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“Not technically beautiful, she has an engaging laugh”: 35 years of being described by men

For women in music, being described most of the time by men is just par for the course.

I am sure you all saw the Twitter challenge that took off the other day – a request to women to “describe yourself like a male author would”, started by the writer Whitney Reynolds. There were thousands of hilarious replies, with women imagining how a bad male author would describe them. I thought about posting an example, but then realised, I didn’t have to imagine this. I’ve been being described by male journalists for more than 35 years.

Katy Waldman in the New Yorker wrote about the challenge, and how it highlighted clichés in men’s writing: “…prose that takes conspicuous notice of a female character’s physical imperfections. This is done with an aura of self-satisfaction, as if the protagonist deserves credit simply for bestowing his descriptive prowess upon a person of less than conventional loveliness.”

And oh boy, that hit home. Yes, I thought, that is precisely how I’ve been described, too many times to recall, so many times that I’ve actually sort of stopped noticing. The following aren’t direct quotes, but near enough.

“Not conventionally pretty, Thorn nevertheless somehow manages to be curiously attractive.” “Her face may not be technically beautiful but she has an engaging laugh.” “Her intelligence shines through the quirky features.” Often what’s irritating isn’t the hint of an insult, but just being wide of the mark. “She isn’t wearing any make-up” (oh my god, of course she is). “She’s wearing some kind of shapeless shift” (it’s Comme des Garçons FFS).

I’m not trying to arouse sympathy. I’m much thicker-skinned than you may imagine, hence surviving in this business for so long. But the point is, for women in music, being described most of the time by men is just par for the course.

A few weeks ago, when I was in Brussels and Paris doing interviews, I was taken aback all over again by the absence of female journalists interviewing me about my album – an album that is being described everywhere as “nine feminist bangers”. As the 14th man walked through the door, my heart slightly sank. I feel like a bore banging on about this sometimes, but it astonishes me that certain aspects of this business remain so male-dominated.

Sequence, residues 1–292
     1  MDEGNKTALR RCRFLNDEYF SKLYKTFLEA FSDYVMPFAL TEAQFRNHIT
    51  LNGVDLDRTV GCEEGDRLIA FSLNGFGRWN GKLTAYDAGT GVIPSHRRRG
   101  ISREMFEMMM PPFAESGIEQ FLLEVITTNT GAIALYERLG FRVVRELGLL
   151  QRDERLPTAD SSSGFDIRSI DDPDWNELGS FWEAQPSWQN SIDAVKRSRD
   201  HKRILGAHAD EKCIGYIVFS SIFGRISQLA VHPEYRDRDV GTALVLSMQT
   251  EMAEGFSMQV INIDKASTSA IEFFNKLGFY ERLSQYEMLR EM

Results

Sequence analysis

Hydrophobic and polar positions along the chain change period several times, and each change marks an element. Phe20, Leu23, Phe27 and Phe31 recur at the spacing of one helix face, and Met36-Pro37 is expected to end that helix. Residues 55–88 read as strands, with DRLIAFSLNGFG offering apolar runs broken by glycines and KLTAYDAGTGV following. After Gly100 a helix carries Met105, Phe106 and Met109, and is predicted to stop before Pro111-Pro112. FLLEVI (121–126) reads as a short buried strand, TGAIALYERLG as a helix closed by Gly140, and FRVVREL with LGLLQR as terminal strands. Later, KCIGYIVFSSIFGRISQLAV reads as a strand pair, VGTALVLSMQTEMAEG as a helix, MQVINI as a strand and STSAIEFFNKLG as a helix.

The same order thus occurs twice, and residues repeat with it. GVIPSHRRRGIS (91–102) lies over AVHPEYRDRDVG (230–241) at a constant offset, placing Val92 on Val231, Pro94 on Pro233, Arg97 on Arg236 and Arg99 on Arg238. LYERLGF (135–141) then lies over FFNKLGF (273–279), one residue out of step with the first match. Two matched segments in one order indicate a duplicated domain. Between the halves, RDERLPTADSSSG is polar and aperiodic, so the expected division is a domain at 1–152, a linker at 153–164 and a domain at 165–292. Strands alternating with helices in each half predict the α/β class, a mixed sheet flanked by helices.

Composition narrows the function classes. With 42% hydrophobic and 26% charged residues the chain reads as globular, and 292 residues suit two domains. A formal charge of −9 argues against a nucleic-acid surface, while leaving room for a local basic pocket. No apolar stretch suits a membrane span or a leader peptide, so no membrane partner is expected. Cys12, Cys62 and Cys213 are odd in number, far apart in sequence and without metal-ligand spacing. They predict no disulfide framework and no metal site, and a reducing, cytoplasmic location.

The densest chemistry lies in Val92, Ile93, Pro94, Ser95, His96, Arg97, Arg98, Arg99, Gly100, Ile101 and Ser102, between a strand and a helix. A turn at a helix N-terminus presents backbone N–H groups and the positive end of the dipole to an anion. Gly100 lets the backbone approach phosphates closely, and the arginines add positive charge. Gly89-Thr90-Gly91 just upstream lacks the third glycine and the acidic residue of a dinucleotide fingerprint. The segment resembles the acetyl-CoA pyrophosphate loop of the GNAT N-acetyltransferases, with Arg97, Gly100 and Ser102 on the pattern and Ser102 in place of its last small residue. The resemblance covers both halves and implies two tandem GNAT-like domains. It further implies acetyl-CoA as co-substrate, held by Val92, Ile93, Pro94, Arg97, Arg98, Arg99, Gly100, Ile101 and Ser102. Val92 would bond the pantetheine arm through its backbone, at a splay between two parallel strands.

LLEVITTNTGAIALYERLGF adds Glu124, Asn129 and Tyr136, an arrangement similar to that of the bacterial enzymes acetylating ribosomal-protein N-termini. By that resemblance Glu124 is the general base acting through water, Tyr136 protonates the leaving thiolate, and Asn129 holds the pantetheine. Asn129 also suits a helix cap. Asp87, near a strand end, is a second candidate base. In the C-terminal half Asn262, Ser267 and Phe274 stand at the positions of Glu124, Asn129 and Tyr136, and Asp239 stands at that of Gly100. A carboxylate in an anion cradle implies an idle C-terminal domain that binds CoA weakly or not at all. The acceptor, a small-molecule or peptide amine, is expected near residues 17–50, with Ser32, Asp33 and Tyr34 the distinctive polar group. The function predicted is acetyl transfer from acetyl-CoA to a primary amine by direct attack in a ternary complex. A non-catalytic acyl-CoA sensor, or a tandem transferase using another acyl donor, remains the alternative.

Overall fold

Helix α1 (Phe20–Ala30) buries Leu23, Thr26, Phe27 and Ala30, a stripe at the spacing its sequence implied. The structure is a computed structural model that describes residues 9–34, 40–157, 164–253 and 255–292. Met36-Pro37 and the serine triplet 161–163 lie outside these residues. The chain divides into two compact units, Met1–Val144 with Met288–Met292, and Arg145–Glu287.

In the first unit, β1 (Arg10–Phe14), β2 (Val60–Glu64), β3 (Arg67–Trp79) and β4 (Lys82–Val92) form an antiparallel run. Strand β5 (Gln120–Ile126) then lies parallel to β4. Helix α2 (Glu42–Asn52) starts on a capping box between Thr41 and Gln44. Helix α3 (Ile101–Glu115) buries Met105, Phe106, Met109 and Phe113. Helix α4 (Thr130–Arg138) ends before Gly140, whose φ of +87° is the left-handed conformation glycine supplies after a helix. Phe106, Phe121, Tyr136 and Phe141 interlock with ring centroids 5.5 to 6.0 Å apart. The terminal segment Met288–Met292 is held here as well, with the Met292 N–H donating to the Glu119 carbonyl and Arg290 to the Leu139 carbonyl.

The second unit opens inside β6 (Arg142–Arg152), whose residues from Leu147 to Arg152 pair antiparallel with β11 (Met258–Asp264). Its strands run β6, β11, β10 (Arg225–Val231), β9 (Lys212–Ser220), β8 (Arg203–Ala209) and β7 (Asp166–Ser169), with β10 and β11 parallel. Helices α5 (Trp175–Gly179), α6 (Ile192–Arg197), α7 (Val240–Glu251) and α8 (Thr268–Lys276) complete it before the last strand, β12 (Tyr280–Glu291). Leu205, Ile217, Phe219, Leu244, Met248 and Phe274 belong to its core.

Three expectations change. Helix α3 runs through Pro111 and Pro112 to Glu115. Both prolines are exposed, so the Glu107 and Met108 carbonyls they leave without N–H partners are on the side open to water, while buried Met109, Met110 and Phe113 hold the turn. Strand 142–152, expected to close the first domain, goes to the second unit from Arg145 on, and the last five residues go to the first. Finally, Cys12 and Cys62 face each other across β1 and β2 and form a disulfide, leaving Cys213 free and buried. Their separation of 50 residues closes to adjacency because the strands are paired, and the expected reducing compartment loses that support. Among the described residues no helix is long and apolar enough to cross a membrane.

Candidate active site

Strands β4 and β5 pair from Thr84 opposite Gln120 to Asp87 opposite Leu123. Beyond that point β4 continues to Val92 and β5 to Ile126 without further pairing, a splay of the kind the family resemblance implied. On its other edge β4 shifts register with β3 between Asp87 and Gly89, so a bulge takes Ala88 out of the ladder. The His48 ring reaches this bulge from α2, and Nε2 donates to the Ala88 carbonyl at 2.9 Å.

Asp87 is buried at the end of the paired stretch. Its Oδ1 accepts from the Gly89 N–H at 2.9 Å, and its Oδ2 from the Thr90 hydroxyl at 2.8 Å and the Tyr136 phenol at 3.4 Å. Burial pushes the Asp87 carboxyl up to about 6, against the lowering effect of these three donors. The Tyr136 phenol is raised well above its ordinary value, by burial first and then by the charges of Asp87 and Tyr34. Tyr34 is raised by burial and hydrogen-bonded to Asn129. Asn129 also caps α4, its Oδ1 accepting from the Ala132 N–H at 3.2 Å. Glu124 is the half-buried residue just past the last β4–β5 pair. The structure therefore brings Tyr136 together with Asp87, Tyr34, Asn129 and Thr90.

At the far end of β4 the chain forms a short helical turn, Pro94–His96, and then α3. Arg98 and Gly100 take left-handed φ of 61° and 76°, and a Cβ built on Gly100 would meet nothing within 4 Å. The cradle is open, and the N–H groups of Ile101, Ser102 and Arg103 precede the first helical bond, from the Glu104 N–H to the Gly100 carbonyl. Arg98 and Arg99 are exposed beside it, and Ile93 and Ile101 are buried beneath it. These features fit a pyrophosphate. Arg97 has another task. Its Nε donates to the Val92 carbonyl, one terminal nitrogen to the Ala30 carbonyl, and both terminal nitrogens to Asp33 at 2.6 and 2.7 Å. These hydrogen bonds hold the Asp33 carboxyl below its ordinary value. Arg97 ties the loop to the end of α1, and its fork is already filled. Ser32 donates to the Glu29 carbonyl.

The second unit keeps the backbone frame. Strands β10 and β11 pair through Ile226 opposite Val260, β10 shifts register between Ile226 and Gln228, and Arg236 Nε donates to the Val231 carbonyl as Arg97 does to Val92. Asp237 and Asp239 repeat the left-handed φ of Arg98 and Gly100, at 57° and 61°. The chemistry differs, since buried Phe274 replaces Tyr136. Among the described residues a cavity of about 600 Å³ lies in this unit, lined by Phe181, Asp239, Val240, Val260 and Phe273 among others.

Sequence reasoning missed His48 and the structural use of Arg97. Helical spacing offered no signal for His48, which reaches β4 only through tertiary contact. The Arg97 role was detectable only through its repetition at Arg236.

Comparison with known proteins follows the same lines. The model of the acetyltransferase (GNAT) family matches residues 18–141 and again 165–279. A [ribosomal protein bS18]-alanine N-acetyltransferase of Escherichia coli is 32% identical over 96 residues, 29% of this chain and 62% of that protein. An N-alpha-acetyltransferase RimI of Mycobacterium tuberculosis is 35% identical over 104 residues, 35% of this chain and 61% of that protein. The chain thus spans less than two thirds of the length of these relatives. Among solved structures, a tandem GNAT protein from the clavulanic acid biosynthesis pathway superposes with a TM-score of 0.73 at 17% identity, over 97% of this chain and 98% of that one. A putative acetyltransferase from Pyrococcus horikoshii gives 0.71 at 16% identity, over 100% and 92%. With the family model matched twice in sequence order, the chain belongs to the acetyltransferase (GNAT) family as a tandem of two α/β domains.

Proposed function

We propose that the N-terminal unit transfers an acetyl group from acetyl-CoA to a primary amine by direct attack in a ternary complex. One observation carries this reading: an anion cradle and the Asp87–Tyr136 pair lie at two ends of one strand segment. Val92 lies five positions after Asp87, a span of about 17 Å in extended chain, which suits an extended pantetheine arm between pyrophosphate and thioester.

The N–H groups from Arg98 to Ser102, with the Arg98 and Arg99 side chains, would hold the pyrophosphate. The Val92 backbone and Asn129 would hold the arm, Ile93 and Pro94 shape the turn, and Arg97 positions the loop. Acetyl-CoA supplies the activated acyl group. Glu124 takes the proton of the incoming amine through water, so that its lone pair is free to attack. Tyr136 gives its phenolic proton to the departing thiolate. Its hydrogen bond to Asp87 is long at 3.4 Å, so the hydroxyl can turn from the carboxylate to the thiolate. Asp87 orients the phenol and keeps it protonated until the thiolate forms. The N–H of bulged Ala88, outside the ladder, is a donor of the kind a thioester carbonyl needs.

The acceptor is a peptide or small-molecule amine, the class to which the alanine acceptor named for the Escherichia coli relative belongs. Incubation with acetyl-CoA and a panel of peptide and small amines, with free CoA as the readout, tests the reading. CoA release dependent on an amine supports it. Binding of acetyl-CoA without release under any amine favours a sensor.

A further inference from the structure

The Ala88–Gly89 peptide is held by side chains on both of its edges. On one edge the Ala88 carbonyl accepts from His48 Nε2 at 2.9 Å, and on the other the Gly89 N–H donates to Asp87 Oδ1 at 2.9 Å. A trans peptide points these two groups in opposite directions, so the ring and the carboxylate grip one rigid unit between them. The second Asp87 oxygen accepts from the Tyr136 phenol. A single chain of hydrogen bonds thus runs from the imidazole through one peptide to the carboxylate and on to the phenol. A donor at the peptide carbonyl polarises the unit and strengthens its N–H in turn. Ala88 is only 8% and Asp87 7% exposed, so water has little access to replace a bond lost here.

Even the journalists sometimes have the good grace to notice the anomaly. One youngish man, (though not that young) told me I was only the third woman he had ever interviewed, which took my breath away. I look at my playlists of favourite tracks over the last year or so, and they are utterly dominated by SZA, Angel Olsen, Lorde, St Vincent, Mabel, Shura, Warpaint, Savages, Solange, Kate Tempest, Tove Lo, Susanne Sundfør, Janelle Monáe, Jessie Ware and Haim, so there certainly isn’t any shortage of great women. I’ve been asked to speak at a music event, and when I was sent the possible line-up I couldn’t help noticing that over three days there were 56 men and seven women speaking. The final bill might be an improvement on that, but still. Any number of music festivals still operate with this kind of mad imbalance.

Is it down to the organisers not asking? Or, in the case of this kind of discussion event, women often feeling they don’t “know” enough? It’s a vicious circle, the way that men and their music can be so intimidating. The more you’re always in the minority, the more you feel like you don’t belong. Record shops seemed that way to me when I was a teen, places where guys hung out and looked at you like you didn’t know your Pink Floyd from your Pink Flag.

I also have to watch songs of mine being described by male writers, and sometimes misinterpreted. I’ve got one called “Guitar” on my new record. There’s a boy in the lyrics, but he’s incidental – it’s a love song to my first Les Paul copy. That fact has sailed over the heads of a couple of male reviewers who’ve seen it as a song all about a boy.

That’s the trouble, isn’t it? You miss things when you leave women out, or view female characters through the prism of their attractiveness, or when you take for granted that you’re at the centre of every story, every lyric. I bet you think this piece is about you. 

Tracey Thorn is a musician and writer, best known as one half of Everything but the Girl. She writes the fortnightly “Off the Record” column for the New Statesman. Her latest book is Naked at the Albert Hall.

This article first appeared in the 18 April 2018 issue of the New Statesman, Enoch Powell’s revenge